THE MAGAZINE

Keeping Students Safe

By John R. Ritter and Jonathan Fox

Crimes against children, such as the 2005 abduction and murder of Jessica Lunsford in Homosassa Springs, Florida, and school shootings, such as the series of attacks that occurred in September and October, including at an Amish schoolhouse, leave no doubt about the importance of safety and security at school facilities. Administrators of Broward County’s school district, headquartered in Fort Lauderdale, take that responsibility seriously.

“As the sixth-largest district in the nation, we needed to come up with a system that would protect our students and staff,” numbering 271,000 and 41,000, respectively, at 264 sites, says Joseph Melita, the executive director of the district’s internal police force, called the Special Investigative Unit and Professional Standards (SIU).

With that goal in mind, the district applied for and received two $500,000 grants under the U.S. Department of Education’s Safe and Drug-Free Schools program. Tapping those funds and supplementing them with its own resources from an overall budget of nearly $4.5 billion, the district has established a comprehensive safety and security program.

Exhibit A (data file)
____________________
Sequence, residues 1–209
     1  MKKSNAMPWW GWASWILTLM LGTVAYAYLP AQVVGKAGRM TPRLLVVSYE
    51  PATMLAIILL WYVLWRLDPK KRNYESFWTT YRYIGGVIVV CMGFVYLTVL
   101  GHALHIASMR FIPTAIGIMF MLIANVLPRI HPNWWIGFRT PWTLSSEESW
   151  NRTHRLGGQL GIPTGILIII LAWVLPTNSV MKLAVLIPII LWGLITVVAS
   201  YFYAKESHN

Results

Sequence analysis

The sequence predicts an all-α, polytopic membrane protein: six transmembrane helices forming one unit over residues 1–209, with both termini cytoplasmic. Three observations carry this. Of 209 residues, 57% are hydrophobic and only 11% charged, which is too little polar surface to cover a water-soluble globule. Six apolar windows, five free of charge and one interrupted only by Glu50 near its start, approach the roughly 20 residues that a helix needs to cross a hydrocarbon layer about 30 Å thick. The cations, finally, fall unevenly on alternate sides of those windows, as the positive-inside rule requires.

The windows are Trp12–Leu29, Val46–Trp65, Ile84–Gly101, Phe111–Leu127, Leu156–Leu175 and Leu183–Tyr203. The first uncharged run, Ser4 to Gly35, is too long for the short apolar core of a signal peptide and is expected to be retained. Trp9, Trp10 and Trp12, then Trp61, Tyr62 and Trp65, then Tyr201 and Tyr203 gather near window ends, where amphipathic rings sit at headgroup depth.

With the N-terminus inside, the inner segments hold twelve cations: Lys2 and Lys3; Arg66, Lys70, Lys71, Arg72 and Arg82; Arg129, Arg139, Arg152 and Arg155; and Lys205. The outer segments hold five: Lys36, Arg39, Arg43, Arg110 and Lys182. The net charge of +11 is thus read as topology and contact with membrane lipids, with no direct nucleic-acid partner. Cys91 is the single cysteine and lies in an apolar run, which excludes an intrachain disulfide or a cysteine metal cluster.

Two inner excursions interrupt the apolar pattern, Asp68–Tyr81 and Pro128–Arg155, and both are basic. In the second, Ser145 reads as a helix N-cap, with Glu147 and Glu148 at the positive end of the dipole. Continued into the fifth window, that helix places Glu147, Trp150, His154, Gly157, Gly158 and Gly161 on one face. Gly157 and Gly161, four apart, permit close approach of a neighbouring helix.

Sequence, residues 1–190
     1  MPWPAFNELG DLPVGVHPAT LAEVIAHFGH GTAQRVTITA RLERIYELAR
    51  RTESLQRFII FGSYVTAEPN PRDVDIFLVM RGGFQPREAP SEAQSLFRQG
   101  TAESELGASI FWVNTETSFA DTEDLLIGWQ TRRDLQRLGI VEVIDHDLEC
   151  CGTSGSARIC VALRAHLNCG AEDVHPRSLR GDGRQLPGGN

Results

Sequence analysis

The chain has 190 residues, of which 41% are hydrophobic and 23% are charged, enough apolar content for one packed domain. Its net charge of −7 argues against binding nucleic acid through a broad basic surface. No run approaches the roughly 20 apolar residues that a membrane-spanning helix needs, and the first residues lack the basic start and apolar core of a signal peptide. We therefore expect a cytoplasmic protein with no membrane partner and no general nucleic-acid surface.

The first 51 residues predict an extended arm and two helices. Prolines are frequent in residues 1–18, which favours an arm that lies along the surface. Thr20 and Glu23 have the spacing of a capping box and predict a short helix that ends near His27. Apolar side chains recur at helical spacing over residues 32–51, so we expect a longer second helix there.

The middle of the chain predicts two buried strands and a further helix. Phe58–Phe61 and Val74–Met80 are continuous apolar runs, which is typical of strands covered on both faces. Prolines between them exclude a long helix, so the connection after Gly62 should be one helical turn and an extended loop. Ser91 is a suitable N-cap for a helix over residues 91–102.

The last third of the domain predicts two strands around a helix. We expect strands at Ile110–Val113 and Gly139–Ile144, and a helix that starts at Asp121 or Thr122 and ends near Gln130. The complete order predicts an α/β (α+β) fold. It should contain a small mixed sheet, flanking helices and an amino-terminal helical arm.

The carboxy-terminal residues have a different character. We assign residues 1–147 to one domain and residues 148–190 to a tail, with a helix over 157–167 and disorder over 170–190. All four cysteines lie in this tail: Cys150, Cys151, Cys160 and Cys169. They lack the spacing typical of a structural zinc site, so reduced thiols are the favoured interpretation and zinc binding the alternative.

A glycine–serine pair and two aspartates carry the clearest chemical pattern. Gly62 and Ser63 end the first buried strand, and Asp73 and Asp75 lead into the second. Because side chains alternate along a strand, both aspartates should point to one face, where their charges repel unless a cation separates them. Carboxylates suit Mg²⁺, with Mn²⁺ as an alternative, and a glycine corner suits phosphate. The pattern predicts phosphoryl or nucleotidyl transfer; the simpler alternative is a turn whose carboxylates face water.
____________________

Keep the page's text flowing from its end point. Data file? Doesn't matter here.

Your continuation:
The cornerstones of the program are prevention (of which a key component is access control and visitor management), emergency preparedness, mitigation, and response. The plan covers safety planning and emergency drills and awareness programs for staff at all schools across multiple functions. To ensure implementation, each school has a Safe Team responsible for safety planning and coordination of emergency response.

Everything is done in collaboration with local police and fire agencies. That’s key because the district is served by some 20 law enforcement entities. “We don’t want the first time our principals meet police and fire officials to be when they have an incident,” says Melita.

The following looks specifically at the visitor management system—dubbed the Security Tracking and Response (STAR) System by the district—which makes it possible for the Broward schools to monitor, identify, and screen all vendor and contractor personnel, volunteers, and others coming into schools.

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